2467 Route 9D - Wappingers Falls, NY 12590
(p)845.297.5600 (f)845.297.5617
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About the Randolph School
About Randolph School
About Randolph School

The Randolph School is a unique, progressive school for children ages three through ten. Grounded in the educational philosophies of John Dewey and Jean Piaget, the school was founded in 1963 to offer a child-centered, holistic method of education. The focus is on educating the whole child – children are deeply respected in every aspect of their emotional, social, intellectual, and physical development. Randolph serves families who seek a child-centered educational experience for their children; our families come to the school because of its progressive approach, multi-age groupings, smaller class size and student-to-teacher ratios, and emphasis on community.

The Randolph School's curricular approach is based on integrating areas of study, in which information and materials are presented in a challenging, relevant, and open-ended way. Children engage in hands-on projects, such as creating a restaurant, writing a field guide, building a rocket, or planting a garden. This stimulates curiosity, creativity, innovative thinking, and a life-long love of learning. Experiences with the natural environment and the arts are consistently built into the learning we do at Randolph School.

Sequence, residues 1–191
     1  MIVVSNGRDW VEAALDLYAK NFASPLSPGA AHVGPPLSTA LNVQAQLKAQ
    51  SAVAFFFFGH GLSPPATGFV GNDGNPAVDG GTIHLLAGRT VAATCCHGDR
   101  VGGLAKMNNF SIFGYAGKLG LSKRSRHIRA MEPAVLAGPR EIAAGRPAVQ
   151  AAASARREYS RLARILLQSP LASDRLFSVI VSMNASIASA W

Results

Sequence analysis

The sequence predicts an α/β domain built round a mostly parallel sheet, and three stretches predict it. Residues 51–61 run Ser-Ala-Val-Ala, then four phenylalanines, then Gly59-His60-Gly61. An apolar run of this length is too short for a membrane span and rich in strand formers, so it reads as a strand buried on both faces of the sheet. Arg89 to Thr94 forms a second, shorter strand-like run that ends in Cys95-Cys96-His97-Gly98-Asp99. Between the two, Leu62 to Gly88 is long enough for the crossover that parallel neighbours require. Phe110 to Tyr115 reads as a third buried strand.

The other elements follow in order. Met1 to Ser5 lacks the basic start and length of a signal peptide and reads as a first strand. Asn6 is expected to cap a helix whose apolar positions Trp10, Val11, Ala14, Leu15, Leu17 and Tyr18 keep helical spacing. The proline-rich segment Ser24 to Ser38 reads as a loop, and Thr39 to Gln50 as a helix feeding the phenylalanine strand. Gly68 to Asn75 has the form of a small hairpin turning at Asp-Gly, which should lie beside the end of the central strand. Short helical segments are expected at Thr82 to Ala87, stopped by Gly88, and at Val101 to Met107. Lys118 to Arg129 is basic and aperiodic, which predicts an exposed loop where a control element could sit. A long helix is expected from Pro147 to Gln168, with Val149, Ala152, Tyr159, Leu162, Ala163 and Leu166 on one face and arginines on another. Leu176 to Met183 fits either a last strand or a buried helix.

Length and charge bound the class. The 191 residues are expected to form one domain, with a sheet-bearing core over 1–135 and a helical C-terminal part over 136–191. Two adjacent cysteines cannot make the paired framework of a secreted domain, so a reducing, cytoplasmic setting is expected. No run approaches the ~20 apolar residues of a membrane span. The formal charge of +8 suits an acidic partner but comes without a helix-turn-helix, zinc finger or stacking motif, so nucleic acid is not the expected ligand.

We also run afterschool programming throughout the school year, as well as a dynamic summer program, all of which are open to the public.

The Randolph School is committed to serving a diverse population of students from Dutchess, Putnam, Ulster, and Orange counties. We value diversity, and our community aims to represent the general population's range of economic status, ethnicities, abilities, and languages.

 

Baking Sun Bread

Cleaning up Wappingers Creek

The progressive school teaches the child to think for himself instead of passively accepting stereotyped ideas. It keeps always in mind that each child is different from every other, and that what makes an
educated person useful in his particular walk of life, what makes him interesting, what makes him an
individual, is not his resemblance to other people, but his differences.

John French

The child who loves to learn, lives to learn.

The child who loves to learn, lives to learn.